Stocks delivered nicely in 2009, with the S&P 500 ETF (NYSE:SPY) shooting up an impressive 23.5% and emerging markets were even more impressive. Even bond investors in high yield and junk debt performed admirably throughout the year. The real question now, is what will 2010 hold for investors? As April 2010 approaches, some trends are beginning to take form. Investors are warming up to dividends and stable blue chips once again as they look to stem their risk profiles. And they have good reason to do so.
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When markets are booming, little to no one pays attention to dividends. Capital gains become cocktail party flavor. After all, talking about insurer Alleghany (NYSE:Y) and $300 a share price tag isn't as exciting as saying you bet the farm on some small cap and won. However, investors should be paying more attention to dividend stocks in the coming years. The markets have history on their sides.
Since 1928, the years following gains of 20% or more in the market have produced similar gains only 6% of the time. History shows that the odds are in favor for more modest returns from stocks, making dividends all that more valuable. (For many reasons, high dividend yields can be dangerous. Find out how in Undesirable Dividends.)
In addition, dividend stocks could be a great contrarian bet. Through 2009, S&P 500 companies paid out $196 billion in cash dividends, nearly $52 billion less than in 2008. Those two-third or so companies in the S&P that did pay those dividends under-performed those stocks that held onto their cash. Including corporations that reinvested dividends, that group booked 21% gains versus 54% gains for non-payers. Dividend payers are still cheap relative to their non-paying twins and that divide maybe shrinking. With the first quarter almost over, 75 companies in the S&P have increased their dividend rates, and more are sure to follow as dividends are a sign confidence in the overall health of the economy.
Adding Those Dividends
If history is correct and the markets produce paltry returns, the following dividend stocks will make great portfolio additions.
Behind such brands as Kleenex, Huggies and Kotex, Kimberly-Clark Corporation (NYSE:KMB) has raised its dividend for 38 years in a row. With its increasing focus on emerging and developing markets abroad, analysts expect the company to earn nearly $4.95 a share in 2010. From a dividend point of view, the company has increased its payout around 9% annually and currently yields a market beating 4.3%. Shares trade at forward P/E of less than 12.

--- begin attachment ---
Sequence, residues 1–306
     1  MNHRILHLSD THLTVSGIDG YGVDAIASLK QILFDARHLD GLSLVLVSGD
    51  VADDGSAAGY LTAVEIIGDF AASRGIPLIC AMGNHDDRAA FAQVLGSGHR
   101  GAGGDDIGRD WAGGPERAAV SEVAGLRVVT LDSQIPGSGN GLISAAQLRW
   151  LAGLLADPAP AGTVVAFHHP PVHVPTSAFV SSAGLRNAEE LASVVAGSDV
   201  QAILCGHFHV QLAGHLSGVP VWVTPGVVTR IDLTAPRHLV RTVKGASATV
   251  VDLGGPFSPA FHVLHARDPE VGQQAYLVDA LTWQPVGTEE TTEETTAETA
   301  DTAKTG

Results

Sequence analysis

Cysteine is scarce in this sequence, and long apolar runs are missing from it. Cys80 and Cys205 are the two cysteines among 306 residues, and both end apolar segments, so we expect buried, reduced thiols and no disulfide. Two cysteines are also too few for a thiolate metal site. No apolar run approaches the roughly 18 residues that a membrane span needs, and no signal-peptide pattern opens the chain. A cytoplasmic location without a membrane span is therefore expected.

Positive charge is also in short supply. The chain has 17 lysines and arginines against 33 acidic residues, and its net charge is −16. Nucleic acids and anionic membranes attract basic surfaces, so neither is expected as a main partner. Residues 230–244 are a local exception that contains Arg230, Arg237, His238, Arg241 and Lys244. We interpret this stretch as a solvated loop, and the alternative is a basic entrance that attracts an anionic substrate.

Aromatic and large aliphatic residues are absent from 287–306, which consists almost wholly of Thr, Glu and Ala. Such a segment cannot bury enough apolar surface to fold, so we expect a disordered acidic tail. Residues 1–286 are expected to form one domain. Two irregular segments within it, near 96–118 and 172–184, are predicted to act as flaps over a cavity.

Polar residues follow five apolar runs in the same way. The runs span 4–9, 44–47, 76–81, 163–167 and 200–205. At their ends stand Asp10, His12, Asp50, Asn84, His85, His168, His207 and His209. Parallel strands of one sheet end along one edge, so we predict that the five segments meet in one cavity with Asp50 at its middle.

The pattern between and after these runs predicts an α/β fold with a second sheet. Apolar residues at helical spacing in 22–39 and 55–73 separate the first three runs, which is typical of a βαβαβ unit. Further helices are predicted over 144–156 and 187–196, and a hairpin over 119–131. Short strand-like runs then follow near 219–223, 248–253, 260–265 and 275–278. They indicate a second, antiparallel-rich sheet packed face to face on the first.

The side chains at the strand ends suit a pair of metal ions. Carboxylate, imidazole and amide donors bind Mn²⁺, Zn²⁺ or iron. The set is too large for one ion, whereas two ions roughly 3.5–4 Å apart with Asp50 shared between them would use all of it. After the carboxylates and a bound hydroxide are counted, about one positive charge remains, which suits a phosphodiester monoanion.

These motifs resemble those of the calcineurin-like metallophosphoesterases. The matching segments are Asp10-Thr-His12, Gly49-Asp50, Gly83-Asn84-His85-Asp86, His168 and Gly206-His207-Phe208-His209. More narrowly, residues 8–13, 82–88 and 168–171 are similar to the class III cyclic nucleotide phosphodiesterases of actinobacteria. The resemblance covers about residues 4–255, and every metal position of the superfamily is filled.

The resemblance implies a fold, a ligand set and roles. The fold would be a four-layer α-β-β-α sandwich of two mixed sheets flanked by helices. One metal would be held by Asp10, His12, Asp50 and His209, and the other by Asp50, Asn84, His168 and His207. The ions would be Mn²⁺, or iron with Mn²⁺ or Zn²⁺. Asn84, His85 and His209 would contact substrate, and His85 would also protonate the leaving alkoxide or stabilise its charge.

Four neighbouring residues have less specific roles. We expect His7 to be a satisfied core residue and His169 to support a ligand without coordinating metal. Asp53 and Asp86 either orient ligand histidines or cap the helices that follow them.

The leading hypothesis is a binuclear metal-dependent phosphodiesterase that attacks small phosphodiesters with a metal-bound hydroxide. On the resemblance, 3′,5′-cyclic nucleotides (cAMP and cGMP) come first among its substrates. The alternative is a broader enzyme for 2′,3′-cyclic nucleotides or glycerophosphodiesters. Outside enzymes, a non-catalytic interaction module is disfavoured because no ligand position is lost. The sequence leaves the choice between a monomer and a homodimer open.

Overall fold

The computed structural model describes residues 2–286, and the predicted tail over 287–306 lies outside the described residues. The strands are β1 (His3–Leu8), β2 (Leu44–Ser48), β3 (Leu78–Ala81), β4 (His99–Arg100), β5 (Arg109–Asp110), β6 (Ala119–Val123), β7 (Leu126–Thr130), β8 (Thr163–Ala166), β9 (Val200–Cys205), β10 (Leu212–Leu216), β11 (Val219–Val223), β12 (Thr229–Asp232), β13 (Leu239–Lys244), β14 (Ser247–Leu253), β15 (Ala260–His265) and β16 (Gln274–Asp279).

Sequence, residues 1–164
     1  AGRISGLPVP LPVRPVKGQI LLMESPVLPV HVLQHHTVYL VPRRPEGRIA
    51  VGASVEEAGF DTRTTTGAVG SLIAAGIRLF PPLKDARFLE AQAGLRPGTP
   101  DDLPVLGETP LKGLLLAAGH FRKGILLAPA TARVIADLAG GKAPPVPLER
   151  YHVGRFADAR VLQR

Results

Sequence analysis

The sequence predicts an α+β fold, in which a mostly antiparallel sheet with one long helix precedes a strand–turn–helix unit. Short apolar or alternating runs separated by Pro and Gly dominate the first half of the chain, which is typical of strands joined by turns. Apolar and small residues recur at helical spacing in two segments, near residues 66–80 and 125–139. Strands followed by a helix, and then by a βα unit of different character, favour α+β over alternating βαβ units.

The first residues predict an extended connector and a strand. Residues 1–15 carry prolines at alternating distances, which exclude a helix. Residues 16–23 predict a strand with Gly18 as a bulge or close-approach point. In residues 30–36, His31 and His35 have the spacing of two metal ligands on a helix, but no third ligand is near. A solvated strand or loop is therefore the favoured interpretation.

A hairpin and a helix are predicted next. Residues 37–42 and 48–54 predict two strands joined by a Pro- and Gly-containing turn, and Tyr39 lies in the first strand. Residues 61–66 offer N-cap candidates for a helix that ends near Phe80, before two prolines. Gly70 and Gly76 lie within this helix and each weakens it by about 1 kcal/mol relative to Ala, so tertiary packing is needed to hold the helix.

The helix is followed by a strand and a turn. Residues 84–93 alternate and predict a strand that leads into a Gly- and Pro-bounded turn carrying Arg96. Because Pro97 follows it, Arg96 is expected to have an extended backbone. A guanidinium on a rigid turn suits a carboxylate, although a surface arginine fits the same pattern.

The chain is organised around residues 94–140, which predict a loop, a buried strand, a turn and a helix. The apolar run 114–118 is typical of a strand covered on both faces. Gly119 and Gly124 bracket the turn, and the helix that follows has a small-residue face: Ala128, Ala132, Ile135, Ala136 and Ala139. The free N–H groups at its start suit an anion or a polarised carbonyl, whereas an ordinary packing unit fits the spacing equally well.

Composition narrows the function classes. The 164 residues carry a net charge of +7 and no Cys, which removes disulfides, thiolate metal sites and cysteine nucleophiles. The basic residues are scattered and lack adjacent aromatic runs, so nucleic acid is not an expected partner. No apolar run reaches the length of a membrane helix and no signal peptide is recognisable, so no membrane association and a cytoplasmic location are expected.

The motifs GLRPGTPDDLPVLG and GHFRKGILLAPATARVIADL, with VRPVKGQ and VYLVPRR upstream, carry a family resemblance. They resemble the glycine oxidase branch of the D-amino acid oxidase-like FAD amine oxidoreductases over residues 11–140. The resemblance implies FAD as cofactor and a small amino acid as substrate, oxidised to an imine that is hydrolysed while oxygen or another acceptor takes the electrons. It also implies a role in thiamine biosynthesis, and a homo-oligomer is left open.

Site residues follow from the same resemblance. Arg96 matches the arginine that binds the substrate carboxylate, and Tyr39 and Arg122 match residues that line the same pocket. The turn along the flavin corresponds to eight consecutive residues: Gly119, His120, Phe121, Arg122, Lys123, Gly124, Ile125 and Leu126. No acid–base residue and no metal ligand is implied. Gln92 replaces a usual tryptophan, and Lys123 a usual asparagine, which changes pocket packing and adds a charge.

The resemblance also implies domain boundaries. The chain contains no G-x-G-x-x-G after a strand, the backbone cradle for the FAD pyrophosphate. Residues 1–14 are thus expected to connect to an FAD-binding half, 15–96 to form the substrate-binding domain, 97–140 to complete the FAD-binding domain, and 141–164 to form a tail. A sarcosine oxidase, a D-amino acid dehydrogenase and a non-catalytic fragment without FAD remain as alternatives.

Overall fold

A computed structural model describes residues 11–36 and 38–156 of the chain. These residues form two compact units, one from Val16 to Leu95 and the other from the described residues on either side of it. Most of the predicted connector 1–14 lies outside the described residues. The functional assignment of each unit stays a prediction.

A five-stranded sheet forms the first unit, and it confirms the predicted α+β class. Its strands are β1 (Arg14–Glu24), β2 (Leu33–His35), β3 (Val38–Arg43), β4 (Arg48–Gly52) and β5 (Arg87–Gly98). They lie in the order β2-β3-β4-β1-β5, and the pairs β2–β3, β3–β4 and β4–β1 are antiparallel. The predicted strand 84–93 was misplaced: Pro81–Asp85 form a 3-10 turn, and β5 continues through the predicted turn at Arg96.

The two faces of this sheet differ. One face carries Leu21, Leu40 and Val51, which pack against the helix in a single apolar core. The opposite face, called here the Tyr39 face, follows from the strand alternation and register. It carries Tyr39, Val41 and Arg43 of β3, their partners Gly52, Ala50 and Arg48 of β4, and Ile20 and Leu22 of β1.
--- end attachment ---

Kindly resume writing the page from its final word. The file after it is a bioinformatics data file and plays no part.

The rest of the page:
Industrial giant Eaton's (NYSE:ETN) share price was hammered when the auto and truck markets collapsed during the crisis. However, Eaton has begun to move away from its trucking roots and has become a stealth smart grid green pick. The company is also seeing orders increase for its bread and butter equipment things like values, switches and transmissions. Eaton has $4 a share in cash on its books and yields 2.7%.
Plenty of companies manufacture ketchup, but only one sells 650 million bottles of the tomato sauce each year. H.J. Heinz (NYSE:HNZ) is turning those bottles into big sales, especially overseas, growing by over 41% in Asia alone. The growth isn't just in sales; its cash flow sparked upwards of 88% in the last quarter to $439 million. Shares yield a market beating 3.5%.
The Bottom Line
If history is a predictor of the future the general stock market usually follows up great gains with paltry ones. In those kinds of markets, dividend stocks can mean the difference be great returns and sub-par ones. The previous list of dividend achievers along with Sysco (NYSE:SYY) and its 3.5% yield are great ways to prepare a portfolio for a little bit of history repeating. (For more great dividend-paying stock ideas, read 4 Stocks With Smoking-Hot Dividends.)
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